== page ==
by Mike Lindyn
Sweep-picking is not something I work with that much anymore but I spent many hours doing so back in the late 80’s early 90’s. I’ve got a bunch of requests for a sweep-picking lesson so here goes.
Well, what can I say about sweep-picking that hasn’t already been said a thousand times? I guess I’ll start with the basics, but I also have a little insight that might help some of you out even more.
The Basic Mechanics
The basic idea behind sweep-picking is this. You play a series of notes up or down a given amount of strings (all these examples will use 6 strings). People often refer to this as arpeggios, this is only true if you are picking out the notes of a chord, but that’s ok. Each string is hit with your pick in the direction of the harmonic movement. For example look at example #1 below, we start on the low E string and use all down strokes until we hit the high E string. Then we use up strokes to hit the B through E strings. Try and make this sound as smooth as possible hit each note clearly and don’t let any of the notes ring. In the audio example I don’t mute the strings with my left hand, but this can be done too. DON”T HOLD DOWN THE NOTES, THIS IS NOT A CHORD.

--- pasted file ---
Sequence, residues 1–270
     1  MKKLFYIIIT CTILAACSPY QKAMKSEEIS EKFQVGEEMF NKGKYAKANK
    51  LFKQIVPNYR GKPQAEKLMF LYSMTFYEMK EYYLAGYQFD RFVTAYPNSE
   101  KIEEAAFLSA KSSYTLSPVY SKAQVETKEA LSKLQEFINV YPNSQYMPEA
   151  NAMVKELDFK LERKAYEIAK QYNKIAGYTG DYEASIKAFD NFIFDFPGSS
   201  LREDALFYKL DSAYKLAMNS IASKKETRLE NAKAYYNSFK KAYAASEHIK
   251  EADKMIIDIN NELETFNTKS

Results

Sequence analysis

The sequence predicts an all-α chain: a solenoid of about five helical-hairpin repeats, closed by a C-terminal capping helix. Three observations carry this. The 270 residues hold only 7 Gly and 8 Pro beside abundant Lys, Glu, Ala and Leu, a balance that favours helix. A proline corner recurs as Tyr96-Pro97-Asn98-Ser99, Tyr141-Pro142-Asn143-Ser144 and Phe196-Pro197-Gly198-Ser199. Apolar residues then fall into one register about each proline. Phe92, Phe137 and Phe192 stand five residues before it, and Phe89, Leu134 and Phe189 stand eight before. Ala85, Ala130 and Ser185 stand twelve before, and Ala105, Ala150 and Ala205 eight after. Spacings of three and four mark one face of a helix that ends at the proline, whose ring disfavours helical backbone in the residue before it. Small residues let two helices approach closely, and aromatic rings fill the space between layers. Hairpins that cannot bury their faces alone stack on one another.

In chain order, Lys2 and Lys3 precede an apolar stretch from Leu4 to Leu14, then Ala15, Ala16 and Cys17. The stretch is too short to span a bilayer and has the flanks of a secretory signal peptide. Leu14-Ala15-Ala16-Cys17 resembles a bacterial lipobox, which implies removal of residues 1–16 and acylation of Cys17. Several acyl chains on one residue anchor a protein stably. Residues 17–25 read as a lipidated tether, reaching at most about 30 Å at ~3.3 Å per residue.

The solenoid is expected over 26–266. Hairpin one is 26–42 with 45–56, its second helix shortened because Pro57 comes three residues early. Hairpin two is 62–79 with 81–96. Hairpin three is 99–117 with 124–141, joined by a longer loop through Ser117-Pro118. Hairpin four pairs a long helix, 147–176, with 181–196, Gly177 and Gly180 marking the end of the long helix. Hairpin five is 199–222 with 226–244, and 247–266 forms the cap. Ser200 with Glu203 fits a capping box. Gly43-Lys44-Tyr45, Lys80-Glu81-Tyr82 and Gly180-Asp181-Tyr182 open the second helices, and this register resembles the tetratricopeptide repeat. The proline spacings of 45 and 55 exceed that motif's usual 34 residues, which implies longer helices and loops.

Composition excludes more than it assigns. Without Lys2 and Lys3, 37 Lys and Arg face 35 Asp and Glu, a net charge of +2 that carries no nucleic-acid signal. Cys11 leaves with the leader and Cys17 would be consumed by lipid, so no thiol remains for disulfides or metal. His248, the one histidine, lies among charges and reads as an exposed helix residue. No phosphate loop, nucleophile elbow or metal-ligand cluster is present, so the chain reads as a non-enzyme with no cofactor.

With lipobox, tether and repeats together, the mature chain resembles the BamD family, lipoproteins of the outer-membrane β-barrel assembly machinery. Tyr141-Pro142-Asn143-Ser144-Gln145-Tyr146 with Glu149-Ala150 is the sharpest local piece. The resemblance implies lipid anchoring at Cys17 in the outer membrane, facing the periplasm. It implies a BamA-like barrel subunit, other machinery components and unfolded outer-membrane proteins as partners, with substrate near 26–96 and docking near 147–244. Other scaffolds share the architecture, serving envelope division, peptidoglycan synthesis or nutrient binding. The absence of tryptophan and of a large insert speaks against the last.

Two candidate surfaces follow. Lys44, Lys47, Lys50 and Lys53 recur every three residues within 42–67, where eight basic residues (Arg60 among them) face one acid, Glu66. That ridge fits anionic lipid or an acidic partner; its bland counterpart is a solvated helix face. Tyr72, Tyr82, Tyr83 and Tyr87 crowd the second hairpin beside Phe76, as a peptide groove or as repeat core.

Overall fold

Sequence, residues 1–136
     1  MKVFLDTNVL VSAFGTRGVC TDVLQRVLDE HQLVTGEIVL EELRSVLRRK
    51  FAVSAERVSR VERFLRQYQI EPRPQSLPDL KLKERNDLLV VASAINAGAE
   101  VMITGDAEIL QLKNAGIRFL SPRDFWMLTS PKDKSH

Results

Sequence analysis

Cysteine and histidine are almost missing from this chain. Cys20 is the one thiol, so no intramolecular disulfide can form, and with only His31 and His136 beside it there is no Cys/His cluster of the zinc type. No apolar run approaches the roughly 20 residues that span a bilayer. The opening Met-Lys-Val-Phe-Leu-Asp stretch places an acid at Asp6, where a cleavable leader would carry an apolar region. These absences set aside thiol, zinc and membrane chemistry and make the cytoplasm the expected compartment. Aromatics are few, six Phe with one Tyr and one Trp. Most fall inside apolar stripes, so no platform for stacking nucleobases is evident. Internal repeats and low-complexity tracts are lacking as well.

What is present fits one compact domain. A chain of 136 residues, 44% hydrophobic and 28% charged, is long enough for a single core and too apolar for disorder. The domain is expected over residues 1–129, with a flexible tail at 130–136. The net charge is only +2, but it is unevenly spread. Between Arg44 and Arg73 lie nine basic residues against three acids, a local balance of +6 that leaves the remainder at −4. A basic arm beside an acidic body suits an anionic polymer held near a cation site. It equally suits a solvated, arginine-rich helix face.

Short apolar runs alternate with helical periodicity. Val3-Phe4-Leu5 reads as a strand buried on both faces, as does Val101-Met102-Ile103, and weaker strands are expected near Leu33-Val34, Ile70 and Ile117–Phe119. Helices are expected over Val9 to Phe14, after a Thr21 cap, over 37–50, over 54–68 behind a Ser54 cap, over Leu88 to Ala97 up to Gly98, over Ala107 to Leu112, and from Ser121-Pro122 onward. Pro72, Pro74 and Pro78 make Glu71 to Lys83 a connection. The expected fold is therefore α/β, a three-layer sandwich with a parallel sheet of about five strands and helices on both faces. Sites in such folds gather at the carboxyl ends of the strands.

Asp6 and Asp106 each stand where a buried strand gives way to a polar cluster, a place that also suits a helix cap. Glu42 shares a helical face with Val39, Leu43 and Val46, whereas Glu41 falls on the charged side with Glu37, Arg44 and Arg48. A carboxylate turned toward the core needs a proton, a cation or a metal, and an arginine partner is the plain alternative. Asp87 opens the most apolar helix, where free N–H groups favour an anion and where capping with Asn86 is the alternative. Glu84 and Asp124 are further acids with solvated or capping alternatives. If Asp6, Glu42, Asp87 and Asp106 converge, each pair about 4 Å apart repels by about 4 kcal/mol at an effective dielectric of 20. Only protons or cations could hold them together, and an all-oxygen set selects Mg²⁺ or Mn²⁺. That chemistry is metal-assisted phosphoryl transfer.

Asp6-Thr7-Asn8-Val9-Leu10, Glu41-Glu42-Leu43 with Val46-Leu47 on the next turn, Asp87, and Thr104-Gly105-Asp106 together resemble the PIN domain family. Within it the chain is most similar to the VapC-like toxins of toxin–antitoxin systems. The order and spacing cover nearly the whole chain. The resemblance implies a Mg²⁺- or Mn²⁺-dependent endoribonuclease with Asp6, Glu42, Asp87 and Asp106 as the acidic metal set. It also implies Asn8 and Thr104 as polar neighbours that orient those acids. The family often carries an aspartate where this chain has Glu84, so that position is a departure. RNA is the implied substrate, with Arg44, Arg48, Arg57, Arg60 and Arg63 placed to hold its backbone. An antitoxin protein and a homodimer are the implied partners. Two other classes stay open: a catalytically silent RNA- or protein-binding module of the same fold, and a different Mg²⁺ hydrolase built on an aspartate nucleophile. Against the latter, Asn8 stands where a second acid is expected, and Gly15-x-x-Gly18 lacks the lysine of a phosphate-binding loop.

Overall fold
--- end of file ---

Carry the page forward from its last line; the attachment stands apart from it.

My Own Insight
When I’m teaching someone I always tell him or her to start slow and work his or her way up to speed. Sweep-picking might be an exception though.
When I started practicing this technique I worked at it for hours upon hours and couldn’t get it. I was always worried about what my left hand was doing and getting the “notes down”. I knew what my left hand was supposed to do well enough but there was something holding me back. Then one day I just “Let Go”, I was pretending to sweep as fast as Vai or something and I was only thinking about my right hand. I wasn’t really trying to play anything but I did the same fingering as example #1 below, and it worked. It was really sloppy but it was there so I did the same thing again and again until it was smooth.
Now that I think about it, what I was doing was, keeping my mind on my picking hand and making sure that was smooth. I didn’t worry about my left hand and that kind of forced the left hand to keep up. Within three or four weeks after this I was able to sweep just about anything.
About The Examples
Each of the examples below are a series of note in the key of G. These are very simple fingering and are great for people just starting out with this stuff.
Don’t use sweep-picking exclusively, it is a cool tool, but make sure to work on alternate picking just as much, if not more, than sweep-picking. In the long run you are better off knowing alternate picking than sweep-picking. But like I said sweeping can be really, really cool and a lot of fun too.